Rationalisation in the SANDF: The Next Challenge1

by Col L B van Stade
Senior Staff Officer Rationalisation, SANDF

Published in African Security Review Vol 6 No 2, 1997


Rationalisation is inevitably a painful and often traumatic experience for the individuals concerned. The improved processes and cost-effectiveness that are sought after and often realised by such rationalisation initiatives are also often forgotten when discussing these actions in retrospect. Depending on the number of personnel involved and the time available to execute such reductions, these accusations could also be the lasting impression of the imminent SANDF rationalisation exercise, regardless of the actions taken to accommodate the needs of its members, while establishing an adequate, appropriate and affordable defence force for the country. They also seldom consider the other improvements that the Government could attain by reallocating funds previously destined for defence.

his article provides an overview of the preparation for rationalisation of the SANDF from a human resources perspective. This is achieved by sketching the background to rationalisation initiatives and their progress. The methods and approach used during this process will be described and, in conclusion, some areas of concern that still exist, and which should be rectified in order to achieve a successful transition, will be pointed out.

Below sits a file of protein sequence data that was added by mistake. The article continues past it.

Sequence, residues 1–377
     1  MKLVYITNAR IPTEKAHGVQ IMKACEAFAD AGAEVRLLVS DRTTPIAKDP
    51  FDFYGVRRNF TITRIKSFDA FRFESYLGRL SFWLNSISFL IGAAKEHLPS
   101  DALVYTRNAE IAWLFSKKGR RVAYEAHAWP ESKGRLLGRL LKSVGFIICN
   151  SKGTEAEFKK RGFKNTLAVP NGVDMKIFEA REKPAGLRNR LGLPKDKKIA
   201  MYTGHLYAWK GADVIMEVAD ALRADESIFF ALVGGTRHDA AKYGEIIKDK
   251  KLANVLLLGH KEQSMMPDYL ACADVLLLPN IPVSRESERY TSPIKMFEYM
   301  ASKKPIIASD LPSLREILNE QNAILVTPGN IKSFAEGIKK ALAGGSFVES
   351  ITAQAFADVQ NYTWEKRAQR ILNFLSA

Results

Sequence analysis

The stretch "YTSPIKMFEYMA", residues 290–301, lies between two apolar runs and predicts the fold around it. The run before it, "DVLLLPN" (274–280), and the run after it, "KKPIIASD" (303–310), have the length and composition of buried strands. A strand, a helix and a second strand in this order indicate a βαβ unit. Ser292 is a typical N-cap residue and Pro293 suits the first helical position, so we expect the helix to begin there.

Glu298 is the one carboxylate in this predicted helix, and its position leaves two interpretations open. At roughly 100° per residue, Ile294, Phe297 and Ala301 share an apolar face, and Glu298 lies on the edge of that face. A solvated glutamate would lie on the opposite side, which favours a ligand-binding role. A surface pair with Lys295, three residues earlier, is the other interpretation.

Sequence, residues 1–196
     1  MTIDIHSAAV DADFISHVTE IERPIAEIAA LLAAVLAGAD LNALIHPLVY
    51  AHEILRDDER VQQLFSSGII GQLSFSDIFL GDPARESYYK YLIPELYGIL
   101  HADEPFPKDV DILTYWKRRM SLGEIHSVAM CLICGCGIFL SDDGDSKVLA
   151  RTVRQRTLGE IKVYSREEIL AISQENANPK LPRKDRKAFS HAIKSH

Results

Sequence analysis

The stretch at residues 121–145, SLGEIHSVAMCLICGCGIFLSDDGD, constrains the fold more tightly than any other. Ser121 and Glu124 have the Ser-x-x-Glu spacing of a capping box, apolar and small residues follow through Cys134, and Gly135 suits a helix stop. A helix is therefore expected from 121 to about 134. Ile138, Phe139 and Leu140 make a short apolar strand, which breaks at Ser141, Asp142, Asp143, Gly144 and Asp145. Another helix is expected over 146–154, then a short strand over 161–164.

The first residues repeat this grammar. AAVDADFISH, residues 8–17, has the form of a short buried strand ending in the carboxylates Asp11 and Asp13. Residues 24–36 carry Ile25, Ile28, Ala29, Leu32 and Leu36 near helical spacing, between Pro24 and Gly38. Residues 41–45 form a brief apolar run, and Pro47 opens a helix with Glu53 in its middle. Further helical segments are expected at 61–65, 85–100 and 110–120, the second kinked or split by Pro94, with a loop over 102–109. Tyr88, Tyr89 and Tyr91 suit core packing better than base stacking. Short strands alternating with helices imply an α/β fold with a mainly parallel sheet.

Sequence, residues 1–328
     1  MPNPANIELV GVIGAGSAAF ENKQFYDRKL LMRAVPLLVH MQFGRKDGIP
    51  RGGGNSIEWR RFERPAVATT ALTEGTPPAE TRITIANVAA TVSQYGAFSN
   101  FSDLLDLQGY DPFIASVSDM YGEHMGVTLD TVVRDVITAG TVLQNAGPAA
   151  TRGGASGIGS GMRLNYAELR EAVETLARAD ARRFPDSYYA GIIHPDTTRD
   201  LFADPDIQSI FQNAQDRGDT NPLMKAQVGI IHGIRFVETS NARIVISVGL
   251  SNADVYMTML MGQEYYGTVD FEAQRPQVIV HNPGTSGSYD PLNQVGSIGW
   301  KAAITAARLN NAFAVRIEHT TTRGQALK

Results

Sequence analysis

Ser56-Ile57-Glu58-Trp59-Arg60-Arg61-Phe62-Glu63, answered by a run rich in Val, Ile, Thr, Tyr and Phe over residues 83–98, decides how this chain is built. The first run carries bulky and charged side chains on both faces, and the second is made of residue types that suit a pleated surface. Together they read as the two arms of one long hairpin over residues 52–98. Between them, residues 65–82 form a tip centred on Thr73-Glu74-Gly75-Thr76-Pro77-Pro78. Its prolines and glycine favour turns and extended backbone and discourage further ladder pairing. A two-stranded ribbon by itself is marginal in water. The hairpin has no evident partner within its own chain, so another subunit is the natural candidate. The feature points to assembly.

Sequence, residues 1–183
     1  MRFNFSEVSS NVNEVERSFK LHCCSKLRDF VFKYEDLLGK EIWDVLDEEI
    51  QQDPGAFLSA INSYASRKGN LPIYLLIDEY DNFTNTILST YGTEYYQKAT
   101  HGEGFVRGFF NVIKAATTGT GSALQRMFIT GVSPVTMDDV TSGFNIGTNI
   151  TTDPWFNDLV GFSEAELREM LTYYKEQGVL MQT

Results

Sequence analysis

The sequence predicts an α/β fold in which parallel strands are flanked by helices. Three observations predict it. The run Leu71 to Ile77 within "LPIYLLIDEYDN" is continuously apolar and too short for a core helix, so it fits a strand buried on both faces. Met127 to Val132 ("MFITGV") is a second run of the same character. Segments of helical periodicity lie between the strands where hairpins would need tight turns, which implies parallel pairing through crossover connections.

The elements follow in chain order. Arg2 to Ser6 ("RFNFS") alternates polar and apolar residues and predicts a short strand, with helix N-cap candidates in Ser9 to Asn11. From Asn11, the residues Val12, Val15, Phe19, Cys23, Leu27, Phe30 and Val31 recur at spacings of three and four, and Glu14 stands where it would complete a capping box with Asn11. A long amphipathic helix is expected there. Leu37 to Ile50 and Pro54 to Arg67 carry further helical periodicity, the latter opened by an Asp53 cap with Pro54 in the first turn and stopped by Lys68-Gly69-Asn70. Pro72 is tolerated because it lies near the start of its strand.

In April 1994, seven forces were combined into one united South African National Defence Force (SANDF) according to the Interim Constitution of 1993. Obviously, the merger has caused some imbalances in the staffing of the new SANDF, especially among soldiers of the former SA Army. At the same time that the ongoing physical integration has been taking place, the organisational transformation of the SANDF is debated and planned based on the White Paper on Defence, and spearheaded by the Defence Review process, which will pay specific attention to the threat to South Africa and the role of the military in the country's new democratic society. Obviously, the size and shape of the new SANDF Permanent Force which will direct the imperatives for rationalisation, will be derived from the force design and force structure resulting from this process. It will have to take into account the constraints of the funds allocated to the Department of Defence and the Government's socio-economic policy. Any imbalances in human resources can therefore only be addressed once the SANDF has established the required future force size and shape which, in turn, will determine its personnel requirements.